Kisses To The Singer
Politiken (Dec. 1, 1997)
review by Dorthe Hygum Sørensen
submitted and translated by Thomas Bjerre
|Two cute, naked guys with a loving hold around each other are hanging
on the edge of a swimming pool, smiling as cutely as a German perfume advertisement,
pictured on the huge color backdrop behind the musicians.
In this peculiar way the 38 year-old singer and songwriter Morrissey is exposing his gay-appeal to the audience's undivided enthusiasm from the moment he steps into the spotlight Saturday night in the sold out Vega, and with an ambiguous smile on his sensitive mouth he yells "Hello sexy!" while swinging the microphone flirtatiously in front of his crotch.
After this, bunches of flowers shower the stage from the huge rocking crowd, while the singing idol and his precisely timed rock quartet kick the show into start with extraverted, rocking versions of the songs "Do Your Best And Don't Worry" and "The Boy Racer" from the two year old, fine album Southpaw Grammar.
Already a few songs into the concert it is obvious that the present soloist and former frontman in the weighty Manchester band of the 80's The Smiths has a loyal young and youngish audience in this country who worship him with a clamourous enthusiasm which reminds one of worship of football icons. The euphorically sympathetic crowd are a factor in making the atmosphere during the entire concert unforgettable. But definitely also the music from the stage.
And tonight Morrissey is never even close to the complacent or pathetical during a one hour long, eminently well-played and entertaining rock concert. There is constantly absorbing, sparkling tension in the music which is lifted all the way to the furthest rows of the hall by the well-shaped, melancholy singing voice. And both during and between the songs Morrissey is communicating with his audience in an exemplary way by snapping his hips invitingly, closing his eyes chastely, putting one hand down his gabardine pants, or making the microphone oscillate between his legs.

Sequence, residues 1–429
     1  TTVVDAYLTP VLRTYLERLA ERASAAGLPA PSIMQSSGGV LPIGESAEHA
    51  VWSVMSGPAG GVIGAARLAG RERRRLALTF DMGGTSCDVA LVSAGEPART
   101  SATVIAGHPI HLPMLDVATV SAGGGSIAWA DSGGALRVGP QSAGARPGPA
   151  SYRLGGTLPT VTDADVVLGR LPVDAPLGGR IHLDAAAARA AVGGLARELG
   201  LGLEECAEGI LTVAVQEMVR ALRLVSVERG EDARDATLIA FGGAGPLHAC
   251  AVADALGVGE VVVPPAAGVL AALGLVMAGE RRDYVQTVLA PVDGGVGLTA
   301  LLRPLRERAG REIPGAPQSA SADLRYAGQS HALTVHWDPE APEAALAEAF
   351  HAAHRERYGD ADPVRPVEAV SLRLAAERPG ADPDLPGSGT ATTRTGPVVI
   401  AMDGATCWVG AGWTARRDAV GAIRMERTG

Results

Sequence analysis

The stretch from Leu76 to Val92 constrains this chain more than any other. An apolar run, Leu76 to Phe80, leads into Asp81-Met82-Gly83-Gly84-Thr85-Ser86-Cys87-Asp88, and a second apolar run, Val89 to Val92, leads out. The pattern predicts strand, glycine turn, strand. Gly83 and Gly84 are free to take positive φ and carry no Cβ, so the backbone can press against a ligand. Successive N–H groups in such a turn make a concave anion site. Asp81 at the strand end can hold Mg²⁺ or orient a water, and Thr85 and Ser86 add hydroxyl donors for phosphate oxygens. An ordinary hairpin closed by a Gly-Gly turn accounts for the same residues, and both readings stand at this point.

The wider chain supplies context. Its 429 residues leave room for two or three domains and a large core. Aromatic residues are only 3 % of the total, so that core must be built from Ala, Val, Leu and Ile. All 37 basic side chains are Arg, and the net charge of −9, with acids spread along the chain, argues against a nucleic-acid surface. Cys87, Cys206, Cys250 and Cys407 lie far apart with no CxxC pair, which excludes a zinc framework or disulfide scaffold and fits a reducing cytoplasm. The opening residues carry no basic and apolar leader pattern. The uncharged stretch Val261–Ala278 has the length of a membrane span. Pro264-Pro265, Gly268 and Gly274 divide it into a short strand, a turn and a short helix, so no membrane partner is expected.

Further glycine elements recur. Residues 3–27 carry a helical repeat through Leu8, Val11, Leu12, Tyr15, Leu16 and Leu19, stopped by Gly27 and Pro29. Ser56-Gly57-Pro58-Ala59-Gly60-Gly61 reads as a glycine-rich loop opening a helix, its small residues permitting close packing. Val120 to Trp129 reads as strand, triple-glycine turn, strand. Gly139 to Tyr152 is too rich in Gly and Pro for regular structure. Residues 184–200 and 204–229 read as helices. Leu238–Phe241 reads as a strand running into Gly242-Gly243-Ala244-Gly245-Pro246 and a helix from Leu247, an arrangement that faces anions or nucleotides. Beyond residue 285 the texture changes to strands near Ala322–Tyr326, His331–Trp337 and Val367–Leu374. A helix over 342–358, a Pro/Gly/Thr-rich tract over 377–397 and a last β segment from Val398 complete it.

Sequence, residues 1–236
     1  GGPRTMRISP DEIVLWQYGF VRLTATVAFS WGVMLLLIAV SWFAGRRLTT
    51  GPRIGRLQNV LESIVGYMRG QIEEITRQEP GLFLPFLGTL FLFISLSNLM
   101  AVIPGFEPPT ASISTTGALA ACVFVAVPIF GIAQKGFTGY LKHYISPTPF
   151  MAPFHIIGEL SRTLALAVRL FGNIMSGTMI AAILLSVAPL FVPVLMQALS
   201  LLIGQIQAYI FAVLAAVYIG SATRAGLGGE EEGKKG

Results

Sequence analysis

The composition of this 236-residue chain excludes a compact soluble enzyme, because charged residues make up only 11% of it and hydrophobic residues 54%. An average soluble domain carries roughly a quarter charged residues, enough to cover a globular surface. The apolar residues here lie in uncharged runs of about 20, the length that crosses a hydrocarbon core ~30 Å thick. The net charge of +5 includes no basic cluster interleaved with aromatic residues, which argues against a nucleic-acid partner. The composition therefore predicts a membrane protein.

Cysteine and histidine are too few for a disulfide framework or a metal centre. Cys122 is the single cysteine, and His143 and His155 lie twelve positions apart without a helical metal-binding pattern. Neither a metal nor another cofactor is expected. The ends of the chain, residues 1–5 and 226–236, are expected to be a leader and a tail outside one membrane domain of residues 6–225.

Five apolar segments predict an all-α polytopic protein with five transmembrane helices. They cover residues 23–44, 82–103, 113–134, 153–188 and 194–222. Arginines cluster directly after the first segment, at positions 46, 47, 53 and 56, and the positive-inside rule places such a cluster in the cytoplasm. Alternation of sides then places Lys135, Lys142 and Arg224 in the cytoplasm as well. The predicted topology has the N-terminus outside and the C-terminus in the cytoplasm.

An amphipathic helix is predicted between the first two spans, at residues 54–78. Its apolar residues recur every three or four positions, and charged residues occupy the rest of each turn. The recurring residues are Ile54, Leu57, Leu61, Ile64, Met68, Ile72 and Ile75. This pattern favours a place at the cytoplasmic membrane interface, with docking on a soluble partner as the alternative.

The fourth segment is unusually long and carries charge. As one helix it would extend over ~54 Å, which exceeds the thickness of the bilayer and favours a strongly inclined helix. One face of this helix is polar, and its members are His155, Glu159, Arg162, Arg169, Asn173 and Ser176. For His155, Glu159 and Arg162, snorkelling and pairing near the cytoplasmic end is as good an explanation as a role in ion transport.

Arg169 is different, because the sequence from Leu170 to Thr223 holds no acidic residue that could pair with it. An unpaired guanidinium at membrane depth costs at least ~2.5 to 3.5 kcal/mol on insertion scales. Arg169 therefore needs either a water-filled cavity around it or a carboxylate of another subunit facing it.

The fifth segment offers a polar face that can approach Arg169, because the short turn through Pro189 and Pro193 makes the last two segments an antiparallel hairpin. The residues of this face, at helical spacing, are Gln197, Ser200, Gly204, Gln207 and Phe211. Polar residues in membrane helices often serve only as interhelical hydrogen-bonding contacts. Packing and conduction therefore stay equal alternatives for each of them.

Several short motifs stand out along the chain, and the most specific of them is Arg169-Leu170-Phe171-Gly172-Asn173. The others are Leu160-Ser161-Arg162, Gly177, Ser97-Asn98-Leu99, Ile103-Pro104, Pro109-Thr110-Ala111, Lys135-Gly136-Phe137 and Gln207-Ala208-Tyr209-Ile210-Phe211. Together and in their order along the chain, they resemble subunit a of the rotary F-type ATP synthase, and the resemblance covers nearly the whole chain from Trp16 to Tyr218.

The entire concert is virtually one unbroken highlight which reaches its climax towards the ending with moving renditions of "Now My Heart Is Full" and "Speedway".
In these songs Morrissey is posing ambiguously flirting on the stage with a physical radiation which understandably enough gets some of the most dedicated fans so much besides themselves that they fight their way onto the stage, fall on their knees in front of him and kiss his hands and knees before being dragged away.
Shortly after this the lights are turned on and the 1500 people shuffle out. Some of them invest in T-shirts with slogans like "I Love Moz".
That night it did not seem like anyone disagreed with that statement.